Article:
I am still doing my best to watch things with the infection theme that aren’t necessarily the same old zombie stories. This one looked interesting because it seemed to be focused on a world where we actually got a treatment for a zombie virus and what that world would look like. Turns out it looks a lot like if you took any illness based drama and then made it have the background threat of people turning into the undead. Which, you know, adds a little spice to the recipe.
During the credits, we get a scene of a child dealing with the classic zombie movie stuff and then running off which then cuts to her now, as a doctor. Kate works in the “returned ward” of the hospital administering care to those that have been infected with the zombie disease. We also find out that her husband, Alex, is one of the returned and she has been sneaking extra doses from work. You see, there are rumors that the supply of the retroviral drug are running out. We see how people both pro and anti-returned deal with the prospect of the treatment running out while Alex and Kate try to deal with the dramatic turn their life takes.
As with most zombie films, the zombies are a stand in for something else. This one seems like it would have been much more timely if it came during the 80s since the zombie virus is seems to be a stand-in for the AIDS virus and the panic that followed it. In fact, we get a screen at one point that shows that the first zombie outbreak was in 1981, the same year the U.S. acknowledged the presence of HIV as a thing. We get the same discrimination, distrust and misinformation that went along with that as well. It makes for an interesting parallel but it’s much harder to identify with the “we just need to treat them like anybody else” crowd when the consequence for missing a dose is turning into a literal flesh-eating monster.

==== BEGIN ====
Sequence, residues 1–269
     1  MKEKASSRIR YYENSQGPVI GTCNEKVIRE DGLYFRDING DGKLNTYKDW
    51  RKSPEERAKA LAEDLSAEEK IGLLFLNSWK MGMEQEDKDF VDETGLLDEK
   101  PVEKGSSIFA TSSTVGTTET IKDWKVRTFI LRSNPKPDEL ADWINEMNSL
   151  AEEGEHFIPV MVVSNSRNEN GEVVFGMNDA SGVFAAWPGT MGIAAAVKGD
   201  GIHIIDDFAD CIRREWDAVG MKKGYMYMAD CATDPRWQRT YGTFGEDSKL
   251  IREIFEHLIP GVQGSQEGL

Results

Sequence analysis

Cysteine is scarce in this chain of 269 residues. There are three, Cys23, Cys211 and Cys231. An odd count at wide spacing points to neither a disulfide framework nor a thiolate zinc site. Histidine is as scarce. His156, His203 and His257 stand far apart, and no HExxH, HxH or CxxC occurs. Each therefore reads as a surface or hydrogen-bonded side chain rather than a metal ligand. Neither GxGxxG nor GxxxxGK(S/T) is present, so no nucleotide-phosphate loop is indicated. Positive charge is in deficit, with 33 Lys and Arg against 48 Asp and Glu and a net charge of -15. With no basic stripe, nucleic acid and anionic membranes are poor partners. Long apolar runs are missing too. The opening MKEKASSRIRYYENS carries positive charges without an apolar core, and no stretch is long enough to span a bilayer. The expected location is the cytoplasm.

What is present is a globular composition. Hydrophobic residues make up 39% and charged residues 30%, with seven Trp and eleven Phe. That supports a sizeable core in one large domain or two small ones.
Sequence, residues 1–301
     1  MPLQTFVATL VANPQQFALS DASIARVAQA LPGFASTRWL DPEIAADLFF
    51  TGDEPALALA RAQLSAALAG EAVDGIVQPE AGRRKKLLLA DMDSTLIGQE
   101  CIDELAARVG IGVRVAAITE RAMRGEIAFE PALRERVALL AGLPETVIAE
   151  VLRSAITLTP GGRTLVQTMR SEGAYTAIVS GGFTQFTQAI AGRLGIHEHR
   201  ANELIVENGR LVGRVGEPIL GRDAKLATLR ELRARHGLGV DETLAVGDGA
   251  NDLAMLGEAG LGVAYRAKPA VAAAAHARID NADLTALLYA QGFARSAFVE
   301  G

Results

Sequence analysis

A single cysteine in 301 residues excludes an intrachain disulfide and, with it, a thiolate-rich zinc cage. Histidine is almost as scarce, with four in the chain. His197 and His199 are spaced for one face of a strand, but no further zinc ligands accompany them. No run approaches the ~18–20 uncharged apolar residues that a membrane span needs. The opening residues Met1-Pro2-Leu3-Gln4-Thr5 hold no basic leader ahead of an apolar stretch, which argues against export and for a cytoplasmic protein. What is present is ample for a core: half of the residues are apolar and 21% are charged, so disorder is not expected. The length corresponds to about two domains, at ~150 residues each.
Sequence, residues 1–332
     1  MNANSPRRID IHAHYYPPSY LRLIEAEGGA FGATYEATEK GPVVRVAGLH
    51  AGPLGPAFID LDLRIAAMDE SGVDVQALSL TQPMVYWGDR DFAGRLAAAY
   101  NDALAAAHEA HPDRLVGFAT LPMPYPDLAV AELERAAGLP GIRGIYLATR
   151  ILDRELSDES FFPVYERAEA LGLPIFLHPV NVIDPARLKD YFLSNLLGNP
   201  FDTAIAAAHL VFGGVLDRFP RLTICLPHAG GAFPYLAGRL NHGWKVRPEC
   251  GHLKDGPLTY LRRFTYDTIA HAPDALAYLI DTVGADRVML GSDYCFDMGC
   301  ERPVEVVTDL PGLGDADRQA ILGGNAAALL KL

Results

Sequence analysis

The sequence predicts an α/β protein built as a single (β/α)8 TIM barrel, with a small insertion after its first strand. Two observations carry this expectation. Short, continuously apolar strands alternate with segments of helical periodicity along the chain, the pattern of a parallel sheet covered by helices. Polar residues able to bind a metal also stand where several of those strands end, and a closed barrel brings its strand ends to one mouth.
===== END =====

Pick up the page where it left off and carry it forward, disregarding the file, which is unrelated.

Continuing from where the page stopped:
The horror in this comes much more from the actions of other people than anything to do with zombies. There are no jump scares and, outside of the opening credits, there is only one real scene where we see a full blown zombie in action. We do, however, see people murder children just because they are infected and several times we see people selfishly trying to get doses at the expense of others, including our main characters. The ending is definitely the weakest part of the film. No spoilers but it feels kind of needlessly mean and goes on far longer than it should. If it had ended maybe 5 minutes earlier with maybe some slight changes, I think it would have been a much better end to the story.
I give The Retuned a 3.5 out of 4. In all I liked the story and how they handled it, even if it wasn’t a real horror movie.
Favorite thing in the movie: The “coming out” scene where Alex tells his brother about being one of the returned.
Least favorite thing: The end of the movie is pretty much terrible.